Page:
Indian wind group Suzlon claimed its debt restructuring effort “is progressing well” as it was asked to explain movements in its share price a day after disclosing $1bn-worth of loan defaults.
Suzlon – which is attempting to agree a deal that reportedly will involve its lenders taking a steep ‘haircut’ on what’s owed to them – confirmed it has submitted a plan based on splitting its debt pile into “sustainable and unsustainable” portions.
It told the Mumbai stock exchange: “The restructuring process is progressing well, however the same is a complex process and still [a] few other steps are under process including approval of the Lender Group.”
The statement came a day after Suzlon disclosed it had defaulted on loan principal and interest totalling 72.56bn rupees ($1bn) as of March 2019. The group’s total borrowings from banks and financial institutions stand at 127.8bn rupees, with another 12.6bn rupees in foreign currency bonds, according to the regulatory filing.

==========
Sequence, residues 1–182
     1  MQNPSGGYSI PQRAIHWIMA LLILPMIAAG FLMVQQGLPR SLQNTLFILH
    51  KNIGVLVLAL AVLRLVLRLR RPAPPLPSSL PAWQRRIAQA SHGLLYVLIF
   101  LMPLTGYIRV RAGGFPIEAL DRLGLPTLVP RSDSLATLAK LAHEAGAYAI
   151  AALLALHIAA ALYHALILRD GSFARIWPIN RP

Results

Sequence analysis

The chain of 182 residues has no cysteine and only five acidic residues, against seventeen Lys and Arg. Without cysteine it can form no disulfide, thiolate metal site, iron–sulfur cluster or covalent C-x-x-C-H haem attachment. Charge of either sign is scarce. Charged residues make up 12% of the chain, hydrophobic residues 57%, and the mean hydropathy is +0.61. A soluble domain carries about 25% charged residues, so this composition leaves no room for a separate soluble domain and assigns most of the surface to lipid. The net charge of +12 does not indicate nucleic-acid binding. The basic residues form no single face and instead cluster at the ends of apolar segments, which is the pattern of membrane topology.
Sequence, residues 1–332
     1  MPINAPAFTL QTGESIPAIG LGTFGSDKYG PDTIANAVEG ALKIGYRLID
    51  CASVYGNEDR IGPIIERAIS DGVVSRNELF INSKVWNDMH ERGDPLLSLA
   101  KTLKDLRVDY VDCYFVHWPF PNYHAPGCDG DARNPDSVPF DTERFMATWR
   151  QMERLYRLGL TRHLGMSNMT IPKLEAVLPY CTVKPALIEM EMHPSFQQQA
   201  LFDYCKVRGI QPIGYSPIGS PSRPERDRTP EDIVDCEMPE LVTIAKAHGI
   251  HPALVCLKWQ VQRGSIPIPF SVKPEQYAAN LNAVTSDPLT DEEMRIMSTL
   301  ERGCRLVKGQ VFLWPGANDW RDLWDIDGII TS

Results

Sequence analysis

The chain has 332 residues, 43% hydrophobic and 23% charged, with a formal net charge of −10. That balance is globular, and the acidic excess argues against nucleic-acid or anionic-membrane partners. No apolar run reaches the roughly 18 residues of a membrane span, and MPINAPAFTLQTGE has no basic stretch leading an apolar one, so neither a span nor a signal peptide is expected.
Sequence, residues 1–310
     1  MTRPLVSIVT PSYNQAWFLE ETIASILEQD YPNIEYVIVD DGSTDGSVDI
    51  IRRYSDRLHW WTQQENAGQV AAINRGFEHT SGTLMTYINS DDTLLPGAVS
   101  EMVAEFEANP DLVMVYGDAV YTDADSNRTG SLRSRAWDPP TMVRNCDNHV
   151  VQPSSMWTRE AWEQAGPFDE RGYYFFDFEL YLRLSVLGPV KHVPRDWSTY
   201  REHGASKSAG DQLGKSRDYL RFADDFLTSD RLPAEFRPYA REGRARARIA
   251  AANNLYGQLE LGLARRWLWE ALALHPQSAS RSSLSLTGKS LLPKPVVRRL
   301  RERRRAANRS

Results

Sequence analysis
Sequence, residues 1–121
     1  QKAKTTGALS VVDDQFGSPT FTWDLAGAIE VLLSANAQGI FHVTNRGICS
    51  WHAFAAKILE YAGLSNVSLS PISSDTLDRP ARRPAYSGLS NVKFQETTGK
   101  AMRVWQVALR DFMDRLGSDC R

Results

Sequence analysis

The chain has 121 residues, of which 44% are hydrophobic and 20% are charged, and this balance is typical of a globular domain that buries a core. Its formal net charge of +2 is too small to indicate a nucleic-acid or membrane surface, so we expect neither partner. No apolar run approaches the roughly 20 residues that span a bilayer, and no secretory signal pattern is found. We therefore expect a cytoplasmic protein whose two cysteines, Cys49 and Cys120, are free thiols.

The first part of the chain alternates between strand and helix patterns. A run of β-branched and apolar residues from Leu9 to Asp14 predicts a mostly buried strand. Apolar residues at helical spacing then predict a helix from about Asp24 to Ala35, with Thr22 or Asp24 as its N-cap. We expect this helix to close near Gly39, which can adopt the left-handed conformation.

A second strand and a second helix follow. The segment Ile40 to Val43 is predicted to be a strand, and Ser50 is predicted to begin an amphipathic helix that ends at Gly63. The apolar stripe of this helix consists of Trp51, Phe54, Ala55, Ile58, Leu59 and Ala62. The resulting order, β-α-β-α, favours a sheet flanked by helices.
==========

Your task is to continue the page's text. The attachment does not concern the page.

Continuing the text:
The money is owed to a State Bank of India-led consortium of 18 banks and the Indian Renewable Energy Development Agency.
Suzlon’s shares – which had almost doubled since the turn of the year – went into reverse following the disclosure, losing 10% of their value on Wednesday and prompting Mumbai regulators to seek clarification from the wind group. Suzlon said there was no price-sensitive information undisclosed to the market.
Denying earlier reports that it was about to tip into bankruptcy, Suzlon said in September that it had until January 2020 to reach an agreement with creditors before any “extreme measures” by its lenders. Founder Tulsi Tanti was quoted by local media last month as saying bankers understand that India “cannot afford” to lose Suzlon.
Suzlon has seen its commercial position stagnate due to the twin drags of its own financial pressures and a tough Indian wind power market.
It posted a second-quarter loss of 7.8bn ($108m) rupees for the three months ending September, widening from a year earlier 6.27bn rupees, as CEO JP Chalasani admitted Suzlon’s “operations are at a subdued level with minimal allocation of funding as we are trying to fix our capital structure”.
The pressure ramped up further when reported separate debt restructuring packages involving investment by Canada’s Brookfield and Danish OEM Vestas came to nothing.